I think that's more of a symptom of you're just beholden to whoever operates it, government or not. Take Arizona and California's relationship for example. California is mostly public run utility, and even then, they can only provide about 75% of the total power demand of the state. The rest of that they obtain from Arizona, and Arizona has so much ample power that it actually sells most of it to neighboring states. Arizona's power grid is also owned by two major companies: SRP and APS, both of which are privately held, for profit companies, generating electricity from hydro power and nuclear power respectively. They both only really answer to the Arizona Corporation Commission, which regulates them.

Here's another fun fact about Arizona: Our power grid is so reliable here, that a lot of the world's biggest tech firms have built major datacenters here, even though it's so hot that air conditioning is a real cost concern. In fact, Intel built the world's most advanced semiconductor fabrication plant just a few miles from me. Why? Two reasons: No earthquakes, and a very reliable power grid.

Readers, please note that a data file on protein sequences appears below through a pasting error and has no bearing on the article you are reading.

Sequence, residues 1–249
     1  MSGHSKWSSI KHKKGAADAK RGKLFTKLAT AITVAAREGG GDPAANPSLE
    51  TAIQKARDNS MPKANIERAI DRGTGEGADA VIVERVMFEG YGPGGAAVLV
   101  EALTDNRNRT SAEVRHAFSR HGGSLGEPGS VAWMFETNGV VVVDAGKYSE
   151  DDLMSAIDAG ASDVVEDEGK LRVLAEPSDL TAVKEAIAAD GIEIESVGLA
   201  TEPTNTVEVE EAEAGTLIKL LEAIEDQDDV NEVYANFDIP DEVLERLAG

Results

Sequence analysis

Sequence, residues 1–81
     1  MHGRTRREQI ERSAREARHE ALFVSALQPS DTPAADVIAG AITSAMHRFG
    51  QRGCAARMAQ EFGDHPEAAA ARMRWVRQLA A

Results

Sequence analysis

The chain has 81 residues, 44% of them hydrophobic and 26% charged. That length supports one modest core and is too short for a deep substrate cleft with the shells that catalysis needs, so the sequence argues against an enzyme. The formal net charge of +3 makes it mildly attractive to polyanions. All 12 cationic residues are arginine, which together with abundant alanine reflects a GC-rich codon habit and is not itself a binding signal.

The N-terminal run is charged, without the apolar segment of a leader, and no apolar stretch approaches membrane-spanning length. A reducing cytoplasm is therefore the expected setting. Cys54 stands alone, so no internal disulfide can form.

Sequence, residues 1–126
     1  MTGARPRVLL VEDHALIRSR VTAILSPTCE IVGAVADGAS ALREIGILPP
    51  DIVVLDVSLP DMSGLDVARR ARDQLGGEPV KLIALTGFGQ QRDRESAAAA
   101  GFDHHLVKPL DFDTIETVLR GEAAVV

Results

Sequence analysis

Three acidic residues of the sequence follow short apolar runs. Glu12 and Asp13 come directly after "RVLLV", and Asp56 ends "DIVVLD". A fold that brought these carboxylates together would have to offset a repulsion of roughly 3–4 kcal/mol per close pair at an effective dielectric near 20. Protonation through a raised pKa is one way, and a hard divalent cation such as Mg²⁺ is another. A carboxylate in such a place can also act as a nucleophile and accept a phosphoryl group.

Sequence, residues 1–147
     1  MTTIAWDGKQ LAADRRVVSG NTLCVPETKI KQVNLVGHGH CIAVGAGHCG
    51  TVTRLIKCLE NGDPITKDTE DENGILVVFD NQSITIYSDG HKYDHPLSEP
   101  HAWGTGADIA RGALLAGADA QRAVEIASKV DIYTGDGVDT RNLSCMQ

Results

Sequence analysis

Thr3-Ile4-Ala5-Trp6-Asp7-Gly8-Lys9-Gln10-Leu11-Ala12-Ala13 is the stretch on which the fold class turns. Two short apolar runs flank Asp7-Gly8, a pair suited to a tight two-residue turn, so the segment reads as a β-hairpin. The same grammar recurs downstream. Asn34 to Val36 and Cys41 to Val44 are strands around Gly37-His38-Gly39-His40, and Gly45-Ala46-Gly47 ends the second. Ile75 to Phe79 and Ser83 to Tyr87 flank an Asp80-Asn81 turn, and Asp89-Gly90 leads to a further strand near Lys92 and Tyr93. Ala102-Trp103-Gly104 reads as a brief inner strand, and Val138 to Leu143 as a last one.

Comment Re:A free search engine (Score 1) 152

The difference is with socialism or marxism the government tries to make the service affordable to the people, whereas with a monopoly, a corporation tries to make as much profit as possible.

That's almost never the case. For example, in the USSR, cars were so expensive that buying one was a really big undertaking, and even after you paid all of those rubles for it, it took a long time to actually receive it, and even then it wasn't necessarily your car. And it wasn't just cars that were like this, most capital goods were.

Comment Re:A free search engine (Score 1) 152

At least in a socialist economy, assuming a democratic political structure, the people could vote in new managers. That's much more difficult when trying to do the same to a privately held monopolistic corporation.

Theoretically yes, but so far in every socialist country that has ever existed, the political elite end up granting themselves favors that the average person cannot obtain. Take for example Venezuela has free elections, but the common people live in the gutter, where the political elite and only the political elite have it made.

Granted, in the US the political elite have a status of their own, but being a politician isn't the only way to obtain that here, nor it is even the most common way. The most common way is exploiting an underserved market (also called disruption,) and/or creating a new market entirely. Which by the way, when you do that, you're making your customers happy in the process, as people only pay money for something if they value it more than they value their money.